What physicians should know about sanctuary cities

“Philadelphia is a sanctuary where we can live in peace,” said Mrs. Lopez, a patient at a local clinic caring for the undocumented. “It wasn’t always this way, and we lived in constant fear,” she added, referring to Philadelphia’s recent adoption of “sanctuary city” policies, adopted also by dozens of other cities and counties across the country. What exactly are these “sanctuaries”? Whom do they protect? And why should physicians care about these policies?

The notion of “sanctuary” primarily comes into play when an undocumented person comes into contact with a law enforcement officer through various relatively commonplace occurrences: either through a speeding ticket, a situation where an immigrant calls the police to their house (to report a rape or robbery, for example), police checkpoints, suspected drug usage, a car accident and many more.

Once the undocumented immigrant is arrested, their demographic information is input into a federal database that links with Immigration and Customs Enforcement (ICE), and the case proceeds as with any other lawful resident of Philadelphia — namely, he or she is detained until charges are cleared. Holding an immigrant in custody for a longer period of time after their charges are cleared to detain him or her for ICE has been deemed to not amount to the “probable cause” required by the Constitution for people to be kept in jail. If an undocumented immigrant has committed a serious or violent crime, or is suspected to have engaged in terrorist activity, he or she can be kept in jail once the police files charges or if ICE presents the police with a warrant.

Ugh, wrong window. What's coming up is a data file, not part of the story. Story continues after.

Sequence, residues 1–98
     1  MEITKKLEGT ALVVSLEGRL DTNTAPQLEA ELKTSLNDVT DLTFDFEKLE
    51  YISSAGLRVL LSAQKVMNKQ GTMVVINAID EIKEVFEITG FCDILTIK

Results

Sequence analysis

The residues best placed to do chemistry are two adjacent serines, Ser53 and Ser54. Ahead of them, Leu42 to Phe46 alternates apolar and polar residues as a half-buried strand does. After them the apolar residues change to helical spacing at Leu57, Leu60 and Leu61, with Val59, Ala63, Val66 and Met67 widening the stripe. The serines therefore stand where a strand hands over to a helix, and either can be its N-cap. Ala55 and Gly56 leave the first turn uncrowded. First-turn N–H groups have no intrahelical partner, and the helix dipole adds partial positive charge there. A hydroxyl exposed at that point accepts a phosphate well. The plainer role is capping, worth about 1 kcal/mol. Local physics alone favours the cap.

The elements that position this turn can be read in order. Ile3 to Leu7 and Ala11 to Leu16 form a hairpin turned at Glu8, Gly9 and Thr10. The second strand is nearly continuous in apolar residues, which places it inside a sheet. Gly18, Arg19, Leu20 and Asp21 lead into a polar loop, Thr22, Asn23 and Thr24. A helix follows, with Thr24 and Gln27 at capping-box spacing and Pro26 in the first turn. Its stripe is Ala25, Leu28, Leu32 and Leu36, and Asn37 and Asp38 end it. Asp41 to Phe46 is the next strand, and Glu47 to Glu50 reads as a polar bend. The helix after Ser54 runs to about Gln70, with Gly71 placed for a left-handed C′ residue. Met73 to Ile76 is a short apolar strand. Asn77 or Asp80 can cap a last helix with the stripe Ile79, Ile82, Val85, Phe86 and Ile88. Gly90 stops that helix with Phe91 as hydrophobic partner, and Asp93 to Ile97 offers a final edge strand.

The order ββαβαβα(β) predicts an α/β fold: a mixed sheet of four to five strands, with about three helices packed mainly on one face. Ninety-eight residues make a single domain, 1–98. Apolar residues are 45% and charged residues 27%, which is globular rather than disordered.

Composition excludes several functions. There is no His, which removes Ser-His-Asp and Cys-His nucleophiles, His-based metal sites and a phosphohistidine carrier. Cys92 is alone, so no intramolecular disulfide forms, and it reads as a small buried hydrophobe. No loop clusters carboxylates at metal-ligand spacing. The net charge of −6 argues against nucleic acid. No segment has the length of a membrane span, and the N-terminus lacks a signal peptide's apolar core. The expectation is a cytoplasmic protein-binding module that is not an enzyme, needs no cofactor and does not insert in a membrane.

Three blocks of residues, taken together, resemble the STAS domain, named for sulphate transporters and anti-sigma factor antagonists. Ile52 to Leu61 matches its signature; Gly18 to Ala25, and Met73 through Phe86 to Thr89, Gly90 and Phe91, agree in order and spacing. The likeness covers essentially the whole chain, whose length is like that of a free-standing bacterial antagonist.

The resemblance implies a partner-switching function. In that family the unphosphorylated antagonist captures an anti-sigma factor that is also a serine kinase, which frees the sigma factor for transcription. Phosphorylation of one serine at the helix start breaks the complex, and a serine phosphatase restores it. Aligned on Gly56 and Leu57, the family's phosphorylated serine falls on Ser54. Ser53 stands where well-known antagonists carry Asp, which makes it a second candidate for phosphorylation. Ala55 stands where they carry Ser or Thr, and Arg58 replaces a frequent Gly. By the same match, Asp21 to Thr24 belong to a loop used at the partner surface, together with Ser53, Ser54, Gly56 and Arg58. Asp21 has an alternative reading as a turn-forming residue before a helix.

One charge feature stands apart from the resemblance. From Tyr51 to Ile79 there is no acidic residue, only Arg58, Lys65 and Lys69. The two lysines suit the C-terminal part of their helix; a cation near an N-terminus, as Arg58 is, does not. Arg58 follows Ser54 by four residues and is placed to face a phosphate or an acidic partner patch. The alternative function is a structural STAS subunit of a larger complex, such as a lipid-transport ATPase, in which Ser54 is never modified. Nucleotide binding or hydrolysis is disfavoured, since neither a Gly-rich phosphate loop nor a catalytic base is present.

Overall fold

The city of Philadelphia, which has a population of over 12 percent that is foreign-born, has been a leader in protecting immigrants’ constitutional right from detainment with probable cause and their right to due process, with Mayors Nutter and Kenney signing “sanctuary city” status into law and vocally enforcing it as part of their vision for a united and safe Philadelphia. Their argument is that sanctuary cities create an environment where police can focus their attention and resources on serious crime.

In order to create a safer city, police officers have cited their need for testimonies, witnesses, and tips from members of their community, who would be hesitant to cooperate if they feared the interaction would lead to deportation. Sanctuary cities are vital for the safety of our undocumented patients. Without these protections, Ms. Lopez would not be able to report sexual assault, or report being in a motor vehicle accident without fear of being apprehended by law enforcement officials, putting the public health of our communities at risk.

Sanctuary cities’ ability to protect vulnerable immigrant populations has been threatened continuously by the Trump administration with Attorney General Jeff Sessions stating in October 2017 that “jurisdictions that adopt so-called ‘sanctuary policies’ also adopt the view that the protection of criminal aliens is more important than the protection of law-abiding citizens and of the rule of law” and issuing a warning to these jurisdictions that federal grant money, often at the backbone of local law-enforcement tactics, could be taken away. Recently, Senator Pat Toomey introduced an amendment to attempt to strip away this funding from sanctuary cities, including Philadelphia. The amendment was summarily rejected in the Senate.

There is no current evidence suggesting that sanctuary cities result in more violent crime at the hands of undocumented immigrants, and no evidence that it’s linked to increased risk for terrorist acts. As physicians protecting the safety of our patients, we should ensure that local police not be misused as branches of federal immigration enforcement, lest our patients become more afraid of reporting crimes in their communities, or presenting to places where ICE could be present, including places of employment, places of worship as well as clinics and hospitals. Our voices as physicians and as spokespersons on behalf of the public health of all of our patients matter. We must use these voices to speak out against policy that will further marginalize an already very vulnerable community.

Isha M. Di Bartolo is an internal medicine resident.

Image credit: Shutterstock.com

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